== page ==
One problem with Confuser is that its documentation is very thin, bordering on non-existent. Also, support is scarce. Positives are that it works very well, I found that with aggressive or maximum obfuscation settings, it can create an executable that is so modified that it actually sends JustDecompile into an infinite loop/crash. I have also found cases where the Confuser obfuscated executables are rendered broken by aggressive or higher settings. The author suggests in these situations to turn the obfuscation level down to normal, which did solve the problem.


ILProtector takes a different approach that Dotfuscator and Confuser. It protects against reverse engineering by converting the IL into a "virtual machine specific form," which is incompatible with .NET decompilers. New .dlls are created that will run on this VM, and then calls are made to them from within the executable. The .dlls are not readable by JustDecompile:


In the above screenshot, nothing is renamed, but the actual code is moved to a .dll and called via Module.invoke. Attempting to decompile the .dll containing the code is not possible as it is not valid IL.

The Problem with Obfuscation

All this is interesting, but the fact remains that all these methods work... until they're broken by hackers/crackers. Internet searches will reveal tools that can de-obfuscate obfuscated programs.

Here's an example of the de-obfuscated Dotfuscator executable. Note that the previously encrypted string is now in plaintext:


Renaming and control flow cannot be undone, so some measure of obfuscation still exists. But ultimately, obfuscation does not protect against a determined attacker. I think of obfuscation more like a padlock put on the shed in your yard. It may help the owner sleep better at night and keep disinterested vandals out, but anyone with the right set of bolt cutters can get in — so you'd better not store anything irreplaceable in there!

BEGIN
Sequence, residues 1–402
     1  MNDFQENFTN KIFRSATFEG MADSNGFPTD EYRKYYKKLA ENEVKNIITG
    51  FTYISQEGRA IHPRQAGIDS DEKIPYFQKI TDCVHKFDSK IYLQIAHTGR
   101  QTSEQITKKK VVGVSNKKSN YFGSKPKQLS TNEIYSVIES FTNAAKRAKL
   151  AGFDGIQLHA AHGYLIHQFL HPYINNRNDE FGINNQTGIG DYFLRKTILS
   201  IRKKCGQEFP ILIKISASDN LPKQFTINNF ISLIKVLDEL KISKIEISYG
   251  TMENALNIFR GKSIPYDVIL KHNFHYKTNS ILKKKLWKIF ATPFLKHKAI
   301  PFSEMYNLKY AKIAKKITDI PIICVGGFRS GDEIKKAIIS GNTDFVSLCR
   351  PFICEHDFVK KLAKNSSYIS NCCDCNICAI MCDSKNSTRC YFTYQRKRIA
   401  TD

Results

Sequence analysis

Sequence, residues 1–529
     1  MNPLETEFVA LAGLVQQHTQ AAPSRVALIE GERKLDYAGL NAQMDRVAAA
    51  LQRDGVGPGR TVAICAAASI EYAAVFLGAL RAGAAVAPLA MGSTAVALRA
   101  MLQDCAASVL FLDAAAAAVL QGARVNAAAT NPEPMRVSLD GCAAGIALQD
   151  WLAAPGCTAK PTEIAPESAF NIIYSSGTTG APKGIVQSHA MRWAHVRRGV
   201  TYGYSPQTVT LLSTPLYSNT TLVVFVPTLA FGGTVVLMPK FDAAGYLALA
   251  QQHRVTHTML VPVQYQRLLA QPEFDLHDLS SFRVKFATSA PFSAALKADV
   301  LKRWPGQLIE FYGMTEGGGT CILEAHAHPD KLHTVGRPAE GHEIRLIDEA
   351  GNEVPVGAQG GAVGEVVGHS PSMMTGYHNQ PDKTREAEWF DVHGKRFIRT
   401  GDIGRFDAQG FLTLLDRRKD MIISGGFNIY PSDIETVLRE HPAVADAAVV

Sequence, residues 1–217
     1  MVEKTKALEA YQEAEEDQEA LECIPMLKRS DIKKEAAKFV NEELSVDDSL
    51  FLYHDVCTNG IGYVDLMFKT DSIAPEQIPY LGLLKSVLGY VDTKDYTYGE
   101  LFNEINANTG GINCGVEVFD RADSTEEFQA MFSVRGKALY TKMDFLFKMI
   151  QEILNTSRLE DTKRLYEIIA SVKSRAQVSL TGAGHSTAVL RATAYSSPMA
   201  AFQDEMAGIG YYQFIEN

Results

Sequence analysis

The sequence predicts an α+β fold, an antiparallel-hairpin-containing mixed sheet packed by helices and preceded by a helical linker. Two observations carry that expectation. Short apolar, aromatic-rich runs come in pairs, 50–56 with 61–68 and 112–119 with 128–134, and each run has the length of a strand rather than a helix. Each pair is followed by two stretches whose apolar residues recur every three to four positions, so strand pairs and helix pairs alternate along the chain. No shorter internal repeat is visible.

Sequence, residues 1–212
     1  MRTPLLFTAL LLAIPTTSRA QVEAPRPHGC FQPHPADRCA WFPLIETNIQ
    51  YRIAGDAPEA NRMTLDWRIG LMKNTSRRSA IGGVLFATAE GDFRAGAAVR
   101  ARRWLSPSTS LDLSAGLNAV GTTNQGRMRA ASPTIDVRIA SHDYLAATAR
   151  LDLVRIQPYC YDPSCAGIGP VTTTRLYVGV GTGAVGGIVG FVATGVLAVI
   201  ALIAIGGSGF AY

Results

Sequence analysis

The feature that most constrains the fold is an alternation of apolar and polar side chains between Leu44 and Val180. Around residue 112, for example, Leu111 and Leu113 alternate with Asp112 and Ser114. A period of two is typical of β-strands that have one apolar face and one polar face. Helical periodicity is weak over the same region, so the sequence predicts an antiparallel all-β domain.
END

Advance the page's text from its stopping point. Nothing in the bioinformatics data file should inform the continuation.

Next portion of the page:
There are other potential downsides to obfuscation:

  • In the event of a crash, the call stack will reflect the obfuscated program and require deciphering via a special tool provided by the obfuscation program (if one exists), making debugging problems tedious.
  • Control path obfuscation has the potential to negatively affect performance of highly tuned/specialized algorithms.
  • Special care must be taken with objects used in Serialization (renaming will break them).
  • Any public interfaces meant to be used by other code outside of the program obviously cannot be renamed.
  • Security through obscurity is not real security.
  • Obfuscation can introduce instability.
  • Managing the obfuscation step in the build process can be non-trivial.

Given these drawbacks and the real possibility that any currently unbroken obfuscation method (Confuser, ILProtector, for example) will conceivably be broken by crackers in the future, a programmer or project manager should consider carefully whether or not a business case can be made for obfuscation.

  • phil says:

    And without obfuscation, any .Net prog is an open book, so what choice does the small developer have? Give up all the great features of .Net and write everything in native C++
    or even pure assembler? Isn’t the evolution in ease of development, ie RAD, one of the primary benefits of tools like .Net? Use the old COM versions of Listview, but do it all in assembler? I think not.
    Some outfit did a rather thorough study and found donation ware to be unprofitable.

    And a heartwarming story about generosity, shared by “hanzolo”, can be found here:

    Security through obscurity is the only kind available where the application is run within the confines of the cracker’s machine. You know in this environment they can see everything, using a complete dissassembler such as IDA if necessary. If they can see , the only option those doing the protecting have is to add algorithmic, symbolic and time complexity to , hopefully raising the bar too high for the most determined crackers.
    If obscurity is all you can have, more is better.
    I would say only the corporate guys can establish the trust needed to offer their wares in remotely served/phoning home style, where the cracker’s ability to confine everything is far less certain.

  • Julien says:

    Thanks for this very clear article thats shows the methods and downsides of obfuscation. For my application I chose to only obfuscate a few parts of my code which are adding the most value against competitors, to decrease the risk of performance or unexpected issues.

  • Timothy Dunn says:

    I’d like to add, that confuser has a successor: ConfuserEx. An other good obfuscator is Disguiser.NET